As it happens, I really do think individual mandate plans are dumb on pure policy grounds. But I also realize that my preferred alternative is a political loser and that IM is (possibly) a political winner. So I'm for it. But that's exactly why Edwards' Diogenes-like effort to define his enforcement mechanism for IM in such mind-numbing detail is a bad idea: it practically forces voters to confront the fact that IM doesn't really make much sense. If you're really that dead serious about forcing everyone to get coverage, why the Rube Goldberg mechanism? Why not just tax everyone and sign 'em up for Medicare?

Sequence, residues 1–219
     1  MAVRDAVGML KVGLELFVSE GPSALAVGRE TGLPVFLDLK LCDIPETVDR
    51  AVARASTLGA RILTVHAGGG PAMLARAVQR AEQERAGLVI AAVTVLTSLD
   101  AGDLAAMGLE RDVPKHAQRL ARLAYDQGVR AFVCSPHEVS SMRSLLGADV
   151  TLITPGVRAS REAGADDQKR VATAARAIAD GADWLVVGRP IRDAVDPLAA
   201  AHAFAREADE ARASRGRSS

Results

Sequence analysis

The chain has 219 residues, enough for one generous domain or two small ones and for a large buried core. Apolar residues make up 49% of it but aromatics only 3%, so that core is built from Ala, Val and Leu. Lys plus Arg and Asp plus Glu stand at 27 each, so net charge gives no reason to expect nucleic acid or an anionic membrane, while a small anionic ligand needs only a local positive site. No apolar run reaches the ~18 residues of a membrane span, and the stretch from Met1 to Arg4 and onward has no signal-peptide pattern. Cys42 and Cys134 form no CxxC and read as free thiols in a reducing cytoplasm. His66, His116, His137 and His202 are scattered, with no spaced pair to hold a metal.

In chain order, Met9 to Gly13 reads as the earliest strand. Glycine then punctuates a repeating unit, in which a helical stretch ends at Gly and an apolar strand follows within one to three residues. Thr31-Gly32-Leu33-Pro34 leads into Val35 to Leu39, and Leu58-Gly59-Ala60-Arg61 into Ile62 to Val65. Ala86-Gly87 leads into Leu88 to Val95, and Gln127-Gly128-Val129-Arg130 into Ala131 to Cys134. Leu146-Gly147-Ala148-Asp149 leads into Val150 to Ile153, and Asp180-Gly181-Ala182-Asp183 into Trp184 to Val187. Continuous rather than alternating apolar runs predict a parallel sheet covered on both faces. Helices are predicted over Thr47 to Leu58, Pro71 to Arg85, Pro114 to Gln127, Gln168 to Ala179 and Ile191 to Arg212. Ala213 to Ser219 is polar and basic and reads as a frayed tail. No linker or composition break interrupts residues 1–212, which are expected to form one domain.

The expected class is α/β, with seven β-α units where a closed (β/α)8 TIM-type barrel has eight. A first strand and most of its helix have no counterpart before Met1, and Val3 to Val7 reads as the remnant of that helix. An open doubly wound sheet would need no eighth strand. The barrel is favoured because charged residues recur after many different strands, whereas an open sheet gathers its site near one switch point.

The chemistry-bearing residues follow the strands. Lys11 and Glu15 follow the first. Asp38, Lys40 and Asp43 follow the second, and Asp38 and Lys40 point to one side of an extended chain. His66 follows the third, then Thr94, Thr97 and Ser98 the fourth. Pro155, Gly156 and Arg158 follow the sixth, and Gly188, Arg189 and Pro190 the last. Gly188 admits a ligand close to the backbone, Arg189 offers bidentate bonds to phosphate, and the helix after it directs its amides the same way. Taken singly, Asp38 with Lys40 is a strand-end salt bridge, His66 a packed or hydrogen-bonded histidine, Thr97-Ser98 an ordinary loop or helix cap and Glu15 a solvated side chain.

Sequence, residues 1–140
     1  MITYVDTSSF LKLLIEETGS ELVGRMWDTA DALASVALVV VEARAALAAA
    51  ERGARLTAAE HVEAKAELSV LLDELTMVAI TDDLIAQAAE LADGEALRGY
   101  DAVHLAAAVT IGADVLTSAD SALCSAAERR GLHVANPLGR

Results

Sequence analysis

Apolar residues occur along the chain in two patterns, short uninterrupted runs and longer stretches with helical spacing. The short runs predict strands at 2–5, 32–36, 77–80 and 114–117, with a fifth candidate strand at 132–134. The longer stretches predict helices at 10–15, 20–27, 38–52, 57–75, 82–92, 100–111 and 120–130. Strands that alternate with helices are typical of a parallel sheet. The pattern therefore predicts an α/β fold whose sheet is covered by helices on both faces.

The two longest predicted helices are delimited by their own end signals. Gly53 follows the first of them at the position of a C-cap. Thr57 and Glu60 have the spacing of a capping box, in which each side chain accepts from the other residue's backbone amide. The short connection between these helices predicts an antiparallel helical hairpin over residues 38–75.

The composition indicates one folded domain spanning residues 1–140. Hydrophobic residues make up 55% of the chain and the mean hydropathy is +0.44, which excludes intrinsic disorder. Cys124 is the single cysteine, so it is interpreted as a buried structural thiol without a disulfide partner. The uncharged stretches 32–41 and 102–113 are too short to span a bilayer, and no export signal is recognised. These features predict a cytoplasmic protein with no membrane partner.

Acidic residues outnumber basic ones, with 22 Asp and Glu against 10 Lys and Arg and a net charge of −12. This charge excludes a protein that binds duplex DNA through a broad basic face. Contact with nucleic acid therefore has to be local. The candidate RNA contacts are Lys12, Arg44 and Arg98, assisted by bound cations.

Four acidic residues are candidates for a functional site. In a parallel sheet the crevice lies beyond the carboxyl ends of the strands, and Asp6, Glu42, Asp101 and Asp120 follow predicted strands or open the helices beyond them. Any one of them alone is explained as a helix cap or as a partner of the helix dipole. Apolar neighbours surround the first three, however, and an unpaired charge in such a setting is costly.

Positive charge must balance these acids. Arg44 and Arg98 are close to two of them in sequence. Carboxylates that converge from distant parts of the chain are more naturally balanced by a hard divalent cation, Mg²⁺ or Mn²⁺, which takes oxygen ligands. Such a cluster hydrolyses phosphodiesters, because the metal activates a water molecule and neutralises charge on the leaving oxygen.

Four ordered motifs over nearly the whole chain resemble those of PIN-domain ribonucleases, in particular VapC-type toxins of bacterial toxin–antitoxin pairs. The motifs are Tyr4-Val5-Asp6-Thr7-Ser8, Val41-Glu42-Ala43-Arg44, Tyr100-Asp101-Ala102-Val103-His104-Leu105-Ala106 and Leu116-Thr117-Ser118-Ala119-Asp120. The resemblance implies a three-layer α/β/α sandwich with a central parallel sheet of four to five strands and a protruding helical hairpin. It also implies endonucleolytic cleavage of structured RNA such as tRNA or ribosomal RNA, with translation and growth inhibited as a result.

This is, frankly, something you want to elide, not something you want to sharpen, and a smart politician understands this. Ezra is right when he says that IM "basically trades away certain amount of economic efficiency in order to evade the political implications of nationalizing health spending." That being the case, it's politically wise to keep things fuzzy at this point especially since enforcement is a detail that has no chance of surviving the political process intact anyway, and accomplishes nothing except providing your opponents with an opening for demagogic attacks. Right?